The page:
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I’m a 30-year-old intern!

Photo credit: bdop, Creative Commons/Flickr

Photo credit: bdop, Creative Commons/Flickr – not the author

Internships. Everyone’s had one. Or ten. As a dutiful college student, I worked several unpaid internships. In fact, my journalism school required students to intern with a magazine, newspaper, or broadcast news station. But when I turned 22 and moved to New York City, I thought I left those days behind me. There was no way I could afford to pay for rent, food, and all of my other expenses if I took an internship, even if it was paid.

Fast-forward eight years and I am back to wearing the intern hat as the (paid) social media and editorial intern at Idealist.

Deciding to pursue an internship

While my writing and editing background served me well as I worked for a variety of business publications, the changing media landscape led me to look into a career with communications and social media. But as I ventured out on the job hunt in October 2012, I realized that my years of experience writing about communications and social media weren’t quite enough. Even my continuing studies classes in digital media weren’t getting the job done. I needed hands-on experience using Facebook, Twitter, LinkedIn, and more — and not just for my personal accounts.

Still, when my friend Jessica sent me the job listing for a social media and editorial intern at Idealist, I was a little apprehensive. Are 30-year-olds even allowed to be interns? Fortunately, I was reminded of my all-time favorite sitcom and thought, if Chandler Bing can survive an internship in his “old age,” then I can too.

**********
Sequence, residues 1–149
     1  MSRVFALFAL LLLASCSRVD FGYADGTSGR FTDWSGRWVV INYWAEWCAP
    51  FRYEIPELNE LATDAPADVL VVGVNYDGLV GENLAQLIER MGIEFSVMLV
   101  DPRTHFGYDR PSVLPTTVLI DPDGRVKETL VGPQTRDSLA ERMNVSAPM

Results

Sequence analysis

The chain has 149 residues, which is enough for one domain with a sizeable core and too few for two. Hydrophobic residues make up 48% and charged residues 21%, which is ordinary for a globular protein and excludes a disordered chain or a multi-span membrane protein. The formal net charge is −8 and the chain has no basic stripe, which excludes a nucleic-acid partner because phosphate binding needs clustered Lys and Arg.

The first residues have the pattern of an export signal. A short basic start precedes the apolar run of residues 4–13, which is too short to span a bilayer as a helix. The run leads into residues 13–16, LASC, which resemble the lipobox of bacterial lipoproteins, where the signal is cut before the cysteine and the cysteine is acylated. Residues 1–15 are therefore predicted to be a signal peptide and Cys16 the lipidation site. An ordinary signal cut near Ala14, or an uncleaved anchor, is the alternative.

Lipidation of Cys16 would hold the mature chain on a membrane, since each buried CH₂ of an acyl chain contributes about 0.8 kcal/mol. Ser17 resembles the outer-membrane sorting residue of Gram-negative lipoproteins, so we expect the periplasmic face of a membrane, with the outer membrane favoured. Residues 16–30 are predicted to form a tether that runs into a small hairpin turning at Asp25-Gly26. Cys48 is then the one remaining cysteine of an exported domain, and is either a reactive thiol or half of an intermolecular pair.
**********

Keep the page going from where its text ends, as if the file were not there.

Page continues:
Obviously, I did apply, and as I went through the interview and hiring process, I took several things into consideration:

  • Will this be valuable to me? Taking a step back to work as an intern is a bit of a risk. But internships should be valuable experiences, especially in an industry or field where you don’t have much experience. I knew that this position would provide me with the social media skills that I needed and the introduction into the nonprofit world that I wanted.
  • What can I offer in this position? As someone a little more seasoned in your career, you often have skills, experiences, and more that can benefit the organization. For example, I knew that my journalism background would be helpful in this position, even as I demonstrated my eagerness to learn something new.
  • What do my friends and family think? My friends are a rockstar group with amazing jobs and I trust them when it comes to career advice. Despite the job title, many told me that the position was “very you” and were ready to back me up as I made the leap.